Pteronotus quadridens 

Scope: Global

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Taxonomy [top]

Kingdom Phylum Class Order Family
Animalia Chordata Mammalia Chiroptera Mormoopidae

Scientific Name: Pteronotus quadridens
Species Authority: (Gundlach, 1840)
Common Name(s):
English Sooty Mustached Bat
Taxonomic Notes: Subgenus Chilonycteris. Includes torrei. See Rodríguez-Durán and Kunz (1992) and Timm and Genoways (2003).

Assessment Information [top]

Red List Category & Criteria: Least Concern ver 3.1
Year Published: 2008
Date Assessed: 2008-06-30
Assessor(s): Miller, B., Reid, F., Arroyo-Cabrales, J., Cuarón, A.D. & de Grammont, P.C.
Reviewer(s): Medellín, R. (Chiroptera Red List Authority) & Schipper, J. (Global Mammal Assessment Team)
Listed as Least Concern in view of its abundance within its restricted distribution, its presumed large population, and because its habitat is unlikely to be declining fast enough to qualify for listing in a more threatened category.
Previously published Red List assessments:

Geographic Range [top]

Range Description:This species is known from Cuba, Jamaica, Hispaniola, and Puerto Rico (Simmons, 2005).
Countries occurrence:
Cuba; Dominican Republic; Haiti; Jamaica; Puerto Rico
Regionally extinct:
Additional data:
Range Map:Click here to open the map viewer and explore range.

Population [top]

Population:It is abundant in Puerto Rico (Gannon et al., 2005).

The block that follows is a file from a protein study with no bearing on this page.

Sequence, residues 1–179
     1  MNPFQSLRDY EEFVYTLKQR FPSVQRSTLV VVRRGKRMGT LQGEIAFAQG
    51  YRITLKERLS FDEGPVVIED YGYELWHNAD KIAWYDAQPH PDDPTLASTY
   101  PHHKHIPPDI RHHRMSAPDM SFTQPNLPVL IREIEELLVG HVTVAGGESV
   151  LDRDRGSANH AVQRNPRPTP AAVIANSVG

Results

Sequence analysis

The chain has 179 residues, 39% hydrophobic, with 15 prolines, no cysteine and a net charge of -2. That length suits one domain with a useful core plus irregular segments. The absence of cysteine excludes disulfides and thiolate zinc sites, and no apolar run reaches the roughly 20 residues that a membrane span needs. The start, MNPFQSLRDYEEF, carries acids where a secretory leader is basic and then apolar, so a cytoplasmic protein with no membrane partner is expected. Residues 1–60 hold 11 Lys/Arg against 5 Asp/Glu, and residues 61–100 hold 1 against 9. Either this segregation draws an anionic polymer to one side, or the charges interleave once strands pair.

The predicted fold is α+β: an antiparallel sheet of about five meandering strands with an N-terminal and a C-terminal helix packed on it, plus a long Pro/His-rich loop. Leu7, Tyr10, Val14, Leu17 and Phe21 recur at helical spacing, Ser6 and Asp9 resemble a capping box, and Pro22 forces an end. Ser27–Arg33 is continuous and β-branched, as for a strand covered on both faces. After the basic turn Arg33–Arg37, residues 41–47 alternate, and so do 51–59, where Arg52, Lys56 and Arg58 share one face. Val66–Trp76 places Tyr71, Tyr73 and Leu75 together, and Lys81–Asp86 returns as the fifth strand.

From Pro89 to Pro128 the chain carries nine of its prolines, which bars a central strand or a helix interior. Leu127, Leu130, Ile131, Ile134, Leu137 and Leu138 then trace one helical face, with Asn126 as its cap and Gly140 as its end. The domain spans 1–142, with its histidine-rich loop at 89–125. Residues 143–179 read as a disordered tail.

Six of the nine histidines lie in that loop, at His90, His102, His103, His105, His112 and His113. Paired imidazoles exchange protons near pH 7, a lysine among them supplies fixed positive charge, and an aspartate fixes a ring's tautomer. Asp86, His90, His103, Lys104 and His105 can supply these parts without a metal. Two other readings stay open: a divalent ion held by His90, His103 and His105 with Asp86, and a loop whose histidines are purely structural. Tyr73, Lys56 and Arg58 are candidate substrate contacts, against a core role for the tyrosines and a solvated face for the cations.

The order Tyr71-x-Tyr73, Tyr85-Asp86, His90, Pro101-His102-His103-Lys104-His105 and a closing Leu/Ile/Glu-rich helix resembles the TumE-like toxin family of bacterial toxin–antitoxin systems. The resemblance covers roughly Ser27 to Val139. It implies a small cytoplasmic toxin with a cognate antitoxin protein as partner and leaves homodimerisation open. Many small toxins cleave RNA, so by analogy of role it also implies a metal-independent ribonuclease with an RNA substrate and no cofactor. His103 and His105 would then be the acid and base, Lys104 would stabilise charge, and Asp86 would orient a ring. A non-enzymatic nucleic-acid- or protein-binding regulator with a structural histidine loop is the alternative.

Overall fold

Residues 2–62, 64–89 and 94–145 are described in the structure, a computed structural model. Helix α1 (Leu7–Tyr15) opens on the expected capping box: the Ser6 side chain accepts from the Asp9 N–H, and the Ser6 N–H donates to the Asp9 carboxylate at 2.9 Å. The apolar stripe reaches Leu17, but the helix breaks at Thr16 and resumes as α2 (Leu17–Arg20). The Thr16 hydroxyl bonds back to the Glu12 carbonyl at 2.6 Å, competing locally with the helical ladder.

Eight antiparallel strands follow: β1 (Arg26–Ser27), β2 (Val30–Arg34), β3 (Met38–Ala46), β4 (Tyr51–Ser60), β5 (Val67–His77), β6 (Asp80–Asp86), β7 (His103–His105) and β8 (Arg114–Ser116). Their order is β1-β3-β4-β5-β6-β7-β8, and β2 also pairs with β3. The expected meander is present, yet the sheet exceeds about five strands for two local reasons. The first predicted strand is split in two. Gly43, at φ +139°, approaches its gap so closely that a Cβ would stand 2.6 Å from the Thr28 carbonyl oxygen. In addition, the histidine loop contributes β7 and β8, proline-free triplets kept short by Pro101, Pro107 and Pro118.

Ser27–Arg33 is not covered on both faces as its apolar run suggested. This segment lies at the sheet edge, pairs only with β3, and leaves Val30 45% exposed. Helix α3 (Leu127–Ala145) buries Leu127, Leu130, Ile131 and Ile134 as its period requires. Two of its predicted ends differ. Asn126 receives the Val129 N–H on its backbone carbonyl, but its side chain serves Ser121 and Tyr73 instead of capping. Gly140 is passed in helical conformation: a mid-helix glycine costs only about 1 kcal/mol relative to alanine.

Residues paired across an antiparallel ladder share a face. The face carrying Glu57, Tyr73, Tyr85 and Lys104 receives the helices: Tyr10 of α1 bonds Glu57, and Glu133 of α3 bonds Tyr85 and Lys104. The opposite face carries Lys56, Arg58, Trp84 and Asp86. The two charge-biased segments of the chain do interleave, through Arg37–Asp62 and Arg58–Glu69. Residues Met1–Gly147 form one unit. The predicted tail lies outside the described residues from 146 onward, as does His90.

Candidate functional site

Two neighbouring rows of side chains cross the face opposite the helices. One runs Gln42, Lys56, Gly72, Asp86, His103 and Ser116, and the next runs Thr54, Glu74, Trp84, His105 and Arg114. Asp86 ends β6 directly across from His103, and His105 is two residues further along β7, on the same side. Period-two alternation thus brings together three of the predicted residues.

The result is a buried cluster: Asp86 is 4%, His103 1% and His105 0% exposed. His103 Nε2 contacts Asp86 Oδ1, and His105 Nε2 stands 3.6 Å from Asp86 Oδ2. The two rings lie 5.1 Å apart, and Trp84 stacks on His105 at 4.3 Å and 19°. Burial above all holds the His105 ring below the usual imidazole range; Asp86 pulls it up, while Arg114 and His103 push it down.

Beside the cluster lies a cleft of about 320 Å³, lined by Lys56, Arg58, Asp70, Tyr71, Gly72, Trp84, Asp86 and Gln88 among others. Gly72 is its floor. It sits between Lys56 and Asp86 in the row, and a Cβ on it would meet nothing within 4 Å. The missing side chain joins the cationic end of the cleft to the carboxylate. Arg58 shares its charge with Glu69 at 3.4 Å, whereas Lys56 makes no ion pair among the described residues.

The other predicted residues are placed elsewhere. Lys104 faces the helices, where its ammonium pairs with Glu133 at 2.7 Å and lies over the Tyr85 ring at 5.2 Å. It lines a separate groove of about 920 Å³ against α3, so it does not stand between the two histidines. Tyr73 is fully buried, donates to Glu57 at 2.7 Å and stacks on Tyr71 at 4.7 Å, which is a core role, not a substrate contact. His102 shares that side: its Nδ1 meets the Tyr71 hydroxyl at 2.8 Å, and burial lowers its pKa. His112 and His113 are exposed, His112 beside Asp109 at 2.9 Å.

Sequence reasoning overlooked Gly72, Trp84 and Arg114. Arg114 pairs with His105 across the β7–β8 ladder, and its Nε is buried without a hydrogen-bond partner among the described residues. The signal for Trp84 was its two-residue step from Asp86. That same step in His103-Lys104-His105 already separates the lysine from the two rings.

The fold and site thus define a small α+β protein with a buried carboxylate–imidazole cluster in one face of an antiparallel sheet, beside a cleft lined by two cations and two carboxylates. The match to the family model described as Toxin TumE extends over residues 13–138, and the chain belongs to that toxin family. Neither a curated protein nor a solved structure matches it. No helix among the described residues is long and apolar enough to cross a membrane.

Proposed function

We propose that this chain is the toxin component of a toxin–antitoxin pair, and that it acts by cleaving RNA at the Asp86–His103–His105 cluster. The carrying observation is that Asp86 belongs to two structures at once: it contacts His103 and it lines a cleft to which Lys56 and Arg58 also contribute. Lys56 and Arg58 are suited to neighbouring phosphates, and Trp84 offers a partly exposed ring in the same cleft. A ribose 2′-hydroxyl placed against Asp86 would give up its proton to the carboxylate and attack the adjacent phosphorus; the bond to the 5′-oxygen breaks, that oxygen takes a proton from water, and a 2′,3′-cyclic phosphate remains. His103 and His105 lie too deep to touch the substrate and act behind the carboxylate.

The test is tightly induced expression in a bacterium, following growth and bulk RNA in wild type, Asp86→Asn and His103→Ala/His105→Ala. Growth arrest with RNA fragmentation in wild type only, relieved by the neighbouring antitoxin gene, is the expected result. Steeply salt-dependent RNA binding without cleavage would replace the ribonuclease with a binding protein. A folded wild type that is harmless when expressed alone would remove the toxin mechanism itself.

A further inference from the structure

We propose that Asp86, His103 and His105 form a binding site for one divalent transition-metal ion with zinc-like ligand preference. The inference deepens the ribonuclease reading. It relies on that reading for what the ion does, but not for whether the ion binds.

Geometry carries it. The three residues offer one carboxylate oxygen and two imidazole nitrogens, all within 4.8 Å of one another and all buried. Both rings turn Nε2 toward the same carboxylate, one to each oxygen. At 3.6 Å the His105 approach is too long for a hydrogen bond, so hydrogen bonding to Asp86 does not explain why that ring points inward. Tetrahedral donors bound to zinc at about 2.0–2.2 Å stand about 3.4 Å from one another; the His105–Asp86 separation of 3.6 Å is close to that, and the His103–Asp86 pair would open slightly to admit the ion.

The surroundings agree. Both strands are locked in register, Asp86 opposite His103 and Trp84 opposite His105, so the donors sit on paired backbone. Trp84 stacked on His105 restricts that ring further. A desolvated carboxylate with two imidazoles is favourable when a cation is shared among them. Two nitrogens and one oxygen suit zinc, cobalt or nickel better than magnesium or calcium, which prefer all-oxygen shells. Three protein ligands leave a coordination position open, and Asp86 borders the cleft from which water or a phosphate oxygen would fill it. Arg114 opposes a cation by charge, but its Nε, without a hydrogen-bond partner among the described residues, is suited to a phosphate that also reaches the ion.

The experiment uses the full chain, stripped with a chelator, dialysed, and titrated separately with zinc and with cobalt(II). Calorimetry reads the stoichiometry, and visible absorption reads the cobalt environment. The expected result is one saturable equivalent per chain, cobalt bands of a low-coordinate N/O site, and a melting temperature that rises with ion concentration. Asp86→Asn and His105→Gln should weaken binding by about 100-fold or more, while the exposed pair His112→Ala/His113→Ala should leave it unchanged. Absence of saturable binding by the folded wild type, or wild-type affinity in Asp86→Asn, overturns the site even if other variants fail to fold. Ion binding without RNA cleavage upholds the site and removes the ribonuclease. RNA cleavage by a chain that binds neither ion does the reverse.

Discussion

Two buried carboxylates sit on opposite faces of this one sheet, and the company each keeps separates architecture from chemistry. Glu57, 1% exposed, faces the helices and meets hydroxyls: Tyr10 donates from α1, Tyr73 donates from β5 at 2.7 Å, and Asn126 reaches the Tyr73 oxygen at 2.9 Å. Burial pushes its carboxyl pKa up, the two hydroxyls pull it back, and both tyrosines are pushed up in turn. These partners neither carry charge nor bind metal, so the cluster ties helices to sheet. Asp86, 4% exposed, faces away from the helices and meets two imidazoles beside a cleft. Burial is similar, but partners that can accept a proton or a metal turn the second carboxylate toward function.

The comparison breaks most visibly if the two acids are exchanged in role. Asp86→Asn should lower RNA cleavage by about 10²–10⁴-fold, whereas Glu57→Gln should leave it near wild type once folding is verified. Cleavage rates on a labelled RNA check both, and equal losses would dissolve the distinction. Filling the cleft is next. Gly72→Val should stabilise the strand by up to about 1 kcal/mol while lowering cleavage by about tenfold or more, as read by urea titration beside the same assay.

Current Population Trend:Stable
Additional data:
Population severely fragmented:No

Habitat and Ecology [top]

Habitat and Ecology:This species roosts during the day in deep recesses of hot caves, where it form roosting aggregations containing thousands of individuals (Gannon et al., 2005; Genoways et al. 2005). An estimative of 140,000 bats of this species roosts in Cucaracha Cave, Puerto Rico (Gannon et al. 2005). A cave occupied by this bat usually shelters two to five other species. It is insectivorous, and apparently is an opportunistic forager to some degree, like many insectivorous bats. Insects from one to seven different orders have been found in stomach or fecal samples of a single bat; moths, flies, and true bugs are taken consistently as well, and wasps and flying ants, which occur in large but unpredictable swarms, are eaten when available. Females generally give birth to a single young; twinning is extremely rare. Pregnant females are found from February through June, with the largest percentage occurring in May, when births begin (Silva-Taboada, 1979; Gannon et al. 2005).

Threats [top]

Major Threat(s): Caves are not protected in Jamaica (Davalos pers. comm.). It is gone for Abaco, Andros and New Providence (Bahamas) (Turvey pers. comm.). Threats on hot caves.

Conservation Actions [top]

Conservation Actions: Found in Protected areas.

Citation: Miller, B., Reid, F., Arroyo-Cabrales, J., Cuarón, A.D. & de Grammont, P.C. 2008. Pteronotus quadridens. The IUCN Red List of Threatened Species 2008: e.T18710A8507318. . Downloaded on 25 August 2016.
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